Ten Traits of Good Product Managers

Product management is pretty much one of the dream occupations for the jack-of-all-trades, not-necessarily-master-of-any individuals. It is a role whose scope and daily activities can be significantly different across industries, companies, and teams, because every team has a different set of product challenges, as well as culture. This is why there’s no standard look to a Product Manager.

Although no background or education is ideal, there are certain similarities in successful product people and these are related to soft skills. Most of these things are either obvious, but no one ever says them, or non-obvious but important. They are all interconnected and they contribute to the one thing good Product Managers do well: get results through other people.

  1. Team spirit. Good Product Managers are team players, who understand that flying solo is a limiting and isolating choice. Unless you are a master in design, engineering, analytics, and sales, you will find yourself in a team context, and making your team look good works far better than creating a one man show.
  2. Trust. The only way to be a good team player is to really trust your team. Trusting your team means you are not the only one pulling the strings, and you avoid making people feel micro-managed. It’s human to question the abilities of people in your team, but in this case you need to find other ways to cover up the gaps through trainings, hooking them with more senior people, or even letting people go. Absence of trust always leads not only to individual’s but also to team’s underperformance.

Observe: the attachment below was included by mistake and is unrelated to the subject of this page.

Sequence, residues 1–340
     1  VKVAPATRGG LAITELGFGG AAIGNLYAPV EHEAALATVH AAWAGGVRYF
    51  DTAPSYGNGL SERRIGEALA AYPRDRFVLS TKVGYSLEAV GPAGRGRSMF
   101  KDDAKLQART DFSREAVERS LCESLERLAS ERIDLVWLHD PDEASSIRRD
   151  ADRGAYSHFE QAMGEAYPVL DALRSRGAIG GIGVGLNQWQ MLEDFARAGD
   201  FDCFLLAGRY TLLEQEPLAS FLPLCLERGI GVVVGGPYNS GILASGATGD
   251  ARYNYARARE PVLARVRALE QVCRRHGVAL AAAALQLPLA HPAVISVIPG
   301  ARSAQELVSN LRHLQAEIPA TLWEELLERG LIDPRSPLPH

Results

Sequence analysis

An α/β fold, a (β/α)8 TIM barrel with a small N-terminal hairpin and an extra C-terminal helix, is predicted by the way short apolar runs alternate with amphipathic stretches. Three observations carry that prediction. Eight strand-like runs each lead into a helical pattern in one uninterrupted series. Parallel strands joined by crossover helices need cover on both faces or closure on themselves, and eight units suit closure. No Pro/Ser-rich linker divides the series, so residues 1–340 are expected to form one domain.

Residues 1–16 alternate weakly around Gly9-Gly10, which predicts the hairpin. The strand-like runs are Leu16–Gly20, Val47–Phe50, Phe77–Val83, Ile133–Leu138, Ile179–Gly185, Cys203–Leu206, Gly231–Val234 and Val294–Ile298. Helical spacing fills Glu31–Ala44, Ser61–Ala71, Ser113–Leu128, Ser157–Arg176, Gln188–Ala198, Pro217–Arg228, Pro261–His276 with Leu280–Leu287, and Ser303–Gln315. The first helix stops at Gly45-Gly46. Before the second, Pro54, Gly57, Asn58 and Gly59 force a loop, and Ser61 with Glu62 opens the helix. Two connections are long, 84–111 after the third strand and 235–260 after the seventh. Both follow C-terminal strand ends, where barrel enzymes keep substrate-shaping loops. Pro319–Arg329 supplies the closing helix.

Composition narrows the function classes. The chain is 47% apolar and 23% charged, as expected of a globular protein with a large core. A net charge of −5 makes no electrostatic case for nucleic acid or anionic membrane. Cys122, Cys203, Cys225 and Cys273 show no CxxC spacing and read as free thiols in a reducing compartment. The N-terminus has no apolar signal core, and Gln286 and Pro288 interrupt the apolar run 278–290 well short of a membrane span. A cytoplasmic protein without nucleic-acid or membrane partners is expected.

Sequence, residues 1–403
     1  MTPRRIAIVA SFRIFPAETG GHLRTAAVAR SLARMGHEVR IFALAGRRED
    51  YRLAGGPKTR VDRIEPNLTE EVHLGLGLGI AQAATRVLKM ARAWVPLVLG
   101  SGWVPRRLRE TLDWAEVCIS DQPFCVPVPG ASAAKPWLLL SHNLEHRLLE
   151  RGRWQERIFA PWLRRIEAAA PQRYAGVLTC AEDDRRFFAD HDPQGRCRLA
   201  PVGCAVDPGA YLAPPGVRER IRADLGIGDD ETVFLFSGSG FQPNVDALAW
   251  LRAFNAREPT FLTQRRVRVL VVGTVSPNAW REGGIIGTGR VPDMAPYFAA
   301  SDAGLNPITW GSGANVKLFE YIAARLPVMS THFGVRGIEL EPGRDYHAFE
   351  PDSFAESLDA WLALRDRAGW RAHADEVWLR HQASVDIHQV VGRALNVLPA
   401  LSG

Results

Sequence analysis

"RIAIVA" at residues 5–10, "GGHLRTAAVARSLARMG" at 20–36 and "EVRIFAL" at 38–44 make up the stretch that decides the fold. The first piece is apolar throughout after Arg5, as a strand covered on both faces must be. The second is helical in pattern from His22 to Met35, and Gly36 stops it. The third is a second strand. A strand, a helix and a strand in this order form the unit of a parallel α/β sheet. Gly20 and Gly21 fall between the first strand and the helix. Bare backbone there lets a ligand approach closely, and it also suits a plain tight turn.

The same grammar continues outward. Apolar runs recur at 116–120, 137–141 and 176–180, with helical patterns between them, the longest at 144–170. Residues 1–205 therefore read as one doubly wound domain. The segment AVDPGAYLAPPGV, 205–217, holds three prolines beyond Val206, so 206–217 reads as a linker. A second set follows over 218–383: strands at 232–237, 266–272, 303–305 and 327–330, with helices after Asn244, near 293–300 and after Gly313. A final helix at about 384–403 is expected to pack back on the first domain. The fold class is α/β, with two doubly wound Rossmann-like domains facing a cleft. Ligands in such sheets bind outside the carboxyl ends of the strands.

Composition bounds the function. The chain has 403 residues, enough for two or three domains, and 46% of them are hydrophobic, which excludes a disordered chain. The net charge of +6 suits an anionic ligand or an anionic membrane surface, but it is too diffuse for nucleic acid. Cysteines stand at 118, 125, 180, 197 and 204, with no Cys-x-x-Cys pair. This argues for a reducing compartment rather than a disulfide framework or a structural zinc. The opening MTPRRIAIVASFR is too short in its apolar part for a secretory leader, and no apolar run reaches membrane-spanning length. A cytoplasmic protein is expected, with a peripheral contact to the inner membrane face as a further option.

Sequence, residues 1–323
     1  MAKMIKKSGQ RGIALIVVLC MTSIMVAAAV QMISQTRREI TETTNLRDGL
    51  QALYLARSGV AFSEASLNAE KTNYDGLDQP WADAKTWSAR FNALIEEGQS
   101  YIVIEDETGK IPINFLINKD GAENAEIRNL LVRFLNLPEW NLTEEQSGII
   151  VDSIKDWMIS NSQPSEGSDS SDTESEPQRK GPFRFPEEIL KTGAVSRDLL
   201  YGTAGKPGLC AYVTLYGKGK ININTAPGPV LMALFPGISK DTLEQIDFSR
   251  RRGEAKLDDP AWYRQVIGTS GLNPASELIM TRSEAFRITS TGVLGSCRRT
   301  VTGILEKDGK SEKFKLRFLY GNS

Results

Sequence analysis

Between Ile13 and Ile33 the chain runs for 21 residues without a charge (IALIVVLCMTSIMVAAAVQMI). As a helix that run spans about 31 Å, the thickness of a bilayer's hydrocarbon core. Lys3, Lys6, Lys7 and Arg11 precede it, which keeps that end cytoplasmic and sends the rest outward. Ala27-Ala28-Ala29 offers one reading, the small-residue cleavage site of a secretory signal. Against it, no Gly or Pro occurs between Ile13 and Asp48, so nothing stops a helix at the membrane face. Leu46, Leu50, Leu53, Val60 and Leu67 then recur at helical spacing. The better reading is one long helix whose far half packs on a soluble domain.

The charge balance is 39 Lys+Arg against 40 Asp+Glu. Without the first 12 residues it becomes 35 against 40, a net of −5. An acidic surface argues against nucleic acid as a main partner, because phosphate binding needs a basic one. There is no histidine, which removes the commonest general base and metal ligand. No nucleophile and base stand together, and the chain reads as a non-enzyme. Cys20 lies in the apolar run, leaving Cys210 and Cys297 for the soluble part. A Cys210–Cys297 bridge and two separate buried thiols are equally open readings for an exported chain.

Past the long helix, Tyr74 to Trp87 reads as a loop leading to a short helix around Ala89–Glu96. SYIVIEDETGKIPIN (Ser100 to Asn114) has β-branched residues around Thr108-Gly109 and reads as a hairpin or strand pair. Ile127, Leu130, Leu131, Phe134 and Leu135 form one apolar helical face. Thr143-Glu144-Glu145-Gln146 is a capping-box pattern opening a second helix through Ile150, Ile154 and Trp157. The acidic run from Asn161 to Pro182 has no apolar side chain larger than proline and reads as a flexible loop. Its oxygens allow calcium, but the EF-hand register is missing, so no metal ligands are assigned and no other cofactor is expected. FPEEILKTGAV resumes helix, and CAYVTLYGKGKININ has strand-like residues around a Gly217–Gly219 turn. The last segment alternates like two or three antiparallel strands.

3. Communication. Product Managers are expensive communication routers. This is not far from reality if you consider Product Managers in the middle of an information triangle among market, team and company. In other words, you need to find the best method and style to communicate the thoughts, ideas, and feedback you get from all these information exchanges under every context (team meetings, business meetings, user interviews). Exercising these skills often through public speaking or writing are considerably valuable for Product Managers in learning how to articulate ideas.
  4. Leadership. Product Managers are probably in one of the most challenging positions to exercise leadership. They have to rally their teams behind a vision without much formal authority. They can influence and persuade people, but they don’t necessarily have authority over individuals or teams in the same way a traditional manager might do. So, product people need to lead by influence and example, through motivating, guiding and keeping their teams focused.